Elsewhere, Italy’s Election Result Was A Hot Mess, Even By Italy’s Standards. That’s the analysis by BuzzFeed’s Alberto Nardelli. As Jim Waterson tweets, “Actual Italian @AlbertoNardelli explains what happened in the Italian election: ‘The arithmetic is clear: no government is possible without the support of either Lega or the M5S.’” James Ball calls it a “Brilliant and clear piece from @AlbertoNardelli on Italy’s elections. Nothing good can come of this result.” Adds Jane Bradley, “‘The country is used to instability: it has had more than 60 governments since the end of the second world war.’ - This analysis by @AlbertoNardelli is *the* authoritative read on Italy's election result.” And Ian Dunt sums it up: “Italian election results are a horror story.” 

In a new piece for The Guardian, ‘I felt a nausea of fury,’ Nesrine Malik reveals how she faced “the cruelty of Britain’s immigration system.” Ian Birrell calls it a “superb, very personal piece on the unpleasant realities of May’s hostile environment by @NesrineMalik. Please read.” Kate Lyons calls it “An absolutely searing read.”

In case you were wondering

“In case you were wondering when Amazon was going to take over banking, too,” Liz Hoffman directs you to her piece with Emily Glazer and Laura Stevens of The Wall Street Journal, Are You Ready for an Amazon-Branded Checking Account? Tweets Louise Lucas, “@Amazon taking another leaf from #Alibaba playbook - but in quaint retro twist it may ‘give customers the ability to write checks .. or access to a nationwide ATM network.’” The point is, “Eventually, Amazon will be the only company,” as Sam Baker tweets.

At Bloomberg Gadfly, Stephen Gandel has Five Charts That Show How Companies Are Spending Their Tax Savings.

And there’s a new “#Foodie-related M&A,” as Gillian Tan tweets. Michael de la Merced of The New York Times reports, Google to Sell Zagat to The Infatuation, an Upstart Reviews Site.

Every journalist should read this …

In The source at Columbia Journalism Review, Jay Solomon explains “How hacked emails and a yacht in Monaco ended my career.” Hadas Gold sets it up: “Remember Jay Solomon of the WSJ? He writes his side of the story in CJR... says WSJ did not explain ‘who was targeting me, nor did it seem to want to help me defend myself’ but acknowledges errors in his source relationship.” “Well worth reading, a cautionary tale for journalists by @jaysolomon,” tweets Glenn Kessler. Greta Van Susteren goes further, tweeting, “Every journalist should read this ...and every non journalist, too.” 

In his piece about Brandy Zadrozny, David Beard of Poynter writes that the Librarian-turned-journalist rises; she ‘helped us be this giant scoop factory.’ He tweets, “A new move for this librarian-journalist who exposed Eric Trump's strange charity, explored the depths of Russia's troll farm & turned @thedailybeast into a ‘giant scoop factory.’” Adds Betsy Woodruff, “@brandyzadrozny is absurdly good at her job. NBC is lucky to get her.”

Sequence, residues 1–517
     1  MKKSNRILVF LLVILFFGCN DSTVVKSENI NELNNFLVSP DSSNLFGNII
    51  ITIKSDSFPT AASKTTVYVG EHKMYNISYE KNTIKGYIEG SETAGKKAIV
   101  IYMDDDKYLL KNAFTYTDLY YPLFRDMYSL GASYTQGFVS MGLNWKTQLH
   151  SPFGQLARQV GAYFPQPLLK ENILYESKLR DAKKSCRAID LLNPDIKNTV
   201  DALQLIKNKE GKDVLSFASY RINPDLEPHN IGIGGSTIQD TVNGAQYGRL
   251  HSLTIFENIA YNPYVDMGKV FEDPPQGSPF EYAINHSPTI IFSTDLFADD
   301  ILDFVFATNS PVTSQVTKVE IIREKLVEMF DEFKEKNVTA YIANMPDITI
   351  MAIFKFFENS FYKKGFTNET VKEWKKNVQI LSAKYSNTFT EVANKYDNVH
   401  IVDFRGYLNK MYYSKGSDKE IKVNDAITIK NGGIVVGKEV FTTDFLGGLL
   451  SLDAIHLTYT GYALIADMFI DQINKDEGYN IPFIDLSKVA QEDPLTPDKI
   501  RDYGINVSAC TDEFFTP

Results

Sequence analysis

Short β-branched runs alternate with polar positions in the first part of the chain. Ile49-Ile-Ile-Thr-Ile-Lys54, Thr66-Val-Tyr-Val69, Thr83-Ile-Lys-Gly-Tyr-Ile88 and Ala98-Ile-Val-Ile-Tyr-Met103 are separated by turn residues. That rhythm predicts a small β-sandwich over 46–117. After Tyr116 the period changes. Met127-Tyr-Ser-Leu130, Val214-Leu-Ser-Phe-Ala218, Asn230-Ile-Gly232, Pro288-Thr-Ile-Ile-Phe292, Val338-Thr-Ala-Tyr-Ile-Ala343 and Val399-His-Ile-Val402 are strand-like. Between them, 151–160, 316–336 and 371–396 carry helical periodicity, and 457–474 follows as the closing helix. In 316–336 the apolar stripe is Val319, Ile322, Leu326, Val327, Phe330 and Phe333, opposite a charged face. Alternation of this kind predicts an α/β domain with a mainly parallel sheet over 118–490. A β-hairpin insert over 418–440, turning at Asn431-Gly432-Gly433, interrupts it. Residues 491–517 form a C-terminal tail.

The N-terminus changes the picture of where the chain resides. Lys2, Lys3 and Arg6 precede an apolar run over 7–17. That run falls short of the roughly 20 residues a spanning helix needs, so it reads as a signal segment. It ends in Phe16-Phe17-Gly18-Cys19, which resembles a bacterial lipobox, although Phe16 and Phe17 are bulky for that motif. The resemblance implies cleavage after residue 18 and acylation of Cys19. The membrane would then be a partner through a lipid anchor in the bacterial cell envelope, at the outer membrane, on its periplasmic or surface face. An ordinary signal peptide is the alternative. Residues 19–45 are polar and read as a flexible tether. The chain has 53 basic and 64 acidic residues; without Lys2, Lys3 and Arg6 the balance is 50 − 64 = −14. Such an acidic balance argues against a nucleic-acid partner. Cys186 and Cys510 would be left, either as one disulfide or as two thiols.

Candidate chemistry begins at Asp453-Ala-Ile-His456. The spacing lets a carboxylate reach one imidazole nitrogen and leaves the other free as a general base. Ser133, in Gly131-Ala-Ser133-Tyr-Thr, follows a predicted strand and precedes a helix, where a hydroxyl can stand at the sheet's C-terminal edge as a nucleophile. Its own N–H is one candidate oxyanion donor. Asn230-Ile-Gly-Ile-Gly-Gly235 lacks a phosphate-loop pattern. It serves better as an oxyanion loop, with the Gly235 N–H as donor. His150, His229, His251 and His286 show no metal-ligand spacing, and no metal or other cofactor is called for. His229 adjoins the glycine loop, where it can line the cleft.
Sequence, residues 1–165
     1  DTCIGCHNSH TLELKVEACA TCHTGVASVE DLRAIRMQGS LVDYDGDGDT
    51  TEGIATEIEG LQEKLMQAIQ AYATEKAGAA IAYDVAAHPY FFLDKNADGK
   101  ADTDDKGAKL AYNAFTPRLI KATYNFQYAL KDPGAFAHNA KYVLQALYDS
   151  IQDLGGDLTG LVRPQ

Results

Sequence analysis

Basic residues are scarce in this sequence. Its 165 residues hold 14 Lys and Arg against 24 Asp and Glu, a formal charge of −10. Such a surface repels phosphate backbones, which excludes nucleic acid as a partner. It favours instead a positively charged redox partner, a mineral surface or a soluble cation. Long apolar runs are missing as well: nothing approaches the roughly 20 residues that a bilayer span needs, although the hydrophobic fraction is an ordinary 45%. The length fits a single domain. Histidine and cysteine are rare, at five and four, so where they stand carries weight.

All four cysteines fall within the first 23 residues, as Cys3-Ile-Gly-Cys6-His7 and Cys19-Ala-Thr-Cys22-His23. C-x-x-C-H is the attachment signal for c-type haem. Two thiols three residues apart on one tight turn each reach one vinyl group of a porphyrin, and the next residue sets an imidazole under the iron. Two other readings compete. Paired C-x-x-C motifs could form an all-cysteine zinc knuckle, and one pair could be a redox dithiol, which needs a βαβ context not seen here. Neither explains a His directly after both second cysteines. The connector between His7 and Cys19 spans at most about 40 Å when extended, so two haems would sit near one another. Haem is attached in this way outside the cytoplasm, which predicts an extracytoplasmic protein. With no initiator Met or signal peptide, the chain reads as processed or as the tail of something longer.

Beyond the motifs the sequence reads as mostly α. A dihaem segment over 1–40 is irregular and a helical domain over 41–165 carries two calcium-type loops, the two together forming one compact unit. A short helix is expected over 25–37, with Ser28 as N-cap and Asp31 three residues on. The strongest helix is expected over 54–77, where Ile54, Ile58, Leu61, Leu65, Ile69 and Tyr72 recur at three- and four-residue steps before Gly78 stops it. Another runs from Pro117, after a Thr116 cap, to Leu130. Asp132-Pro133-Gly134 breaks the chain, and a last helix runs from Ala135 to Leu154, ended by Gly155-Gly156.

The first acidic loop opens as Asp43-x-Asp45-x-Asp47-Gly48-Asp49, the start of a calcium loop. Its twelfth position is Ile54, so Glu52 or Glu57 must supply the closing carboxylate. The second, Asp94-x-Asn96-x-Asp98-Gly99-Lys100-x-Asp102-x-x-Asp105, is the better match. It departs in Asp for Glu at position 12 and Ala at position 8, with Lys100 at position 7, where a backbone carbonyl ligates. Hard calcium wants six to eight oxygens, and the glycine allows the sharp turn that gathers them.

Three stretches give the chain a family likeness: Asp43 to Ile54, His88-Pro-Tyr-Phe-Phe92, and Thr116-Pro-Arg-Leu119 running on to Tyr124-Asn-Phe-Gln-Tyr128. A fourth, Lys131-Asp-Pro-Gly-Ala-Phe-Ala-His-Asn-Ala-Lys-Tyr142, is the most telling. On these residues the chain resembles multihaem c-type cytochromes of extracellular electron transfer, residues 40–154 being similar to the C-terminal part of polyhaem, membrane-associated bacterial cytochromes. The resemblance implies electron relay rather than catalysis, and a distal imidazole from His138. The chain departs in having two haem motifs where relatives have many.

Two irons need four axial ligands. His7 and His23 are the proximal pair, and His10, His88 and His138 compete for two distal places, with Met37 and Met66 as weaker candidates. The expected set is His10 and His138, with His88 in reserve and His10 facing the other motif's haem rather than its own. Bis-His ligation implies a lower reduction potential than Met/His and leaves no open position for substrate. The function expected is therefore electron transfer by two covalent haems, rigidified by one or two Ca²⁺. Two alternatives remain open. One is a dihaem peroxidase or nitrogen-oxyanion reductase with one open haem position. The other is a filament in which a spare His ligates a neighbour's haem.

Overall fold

Question of the Day

On Friday, we asked: In a first-person write-up about her salary negotiations for The Hollywood Reporter, ‘Grey’s Anatomy’ star Ellen Pompeo wrote that which actress (also a presenter at last year's Oscars ceremony) now drives a Prius?

Answer: Faye Dunaway

Congrats to Dan Rosenbaum, first to tweet the correct answer.

Your question of the day for today is…Who paid for Chadwick Boseman to study acting at Oxford University?

As always, click here to tweet your answer to @MuckRack.

Career Updates
Updates at Reuters, Washington Post, Fast Company

Reuters has hired Kari Howard to be the global enterprise team’s storytelling editor, based in London. Most recently, she was at the Nieman Foundation, where she has been the editor of Storyboard, the review of narrative journalism and online storytelling. Prior to that, she was Column One editor and assistant foreign editor at The Los Angeles Times.

Megan McArdlewho has spent the last five years as a columnist for Bloomberg View, has joined The Washington Post as opinions columnist, focusing on economics, business and public policy. She has also worked for Newsweek and The Atlantic.

Stephanie Mehtaformerly the deputy editor of Vanity Fair, is Fast Company’s new editor in chief. Before Vanity Fair, she worked at BloombergLIVE and Fortune.

Don’t forget - if you change your job in journalism or move to a different news organization, be sure to email us (hello [at] muckrack [dot] com) so we can reflect your new title. News job changes only, please! Thanks!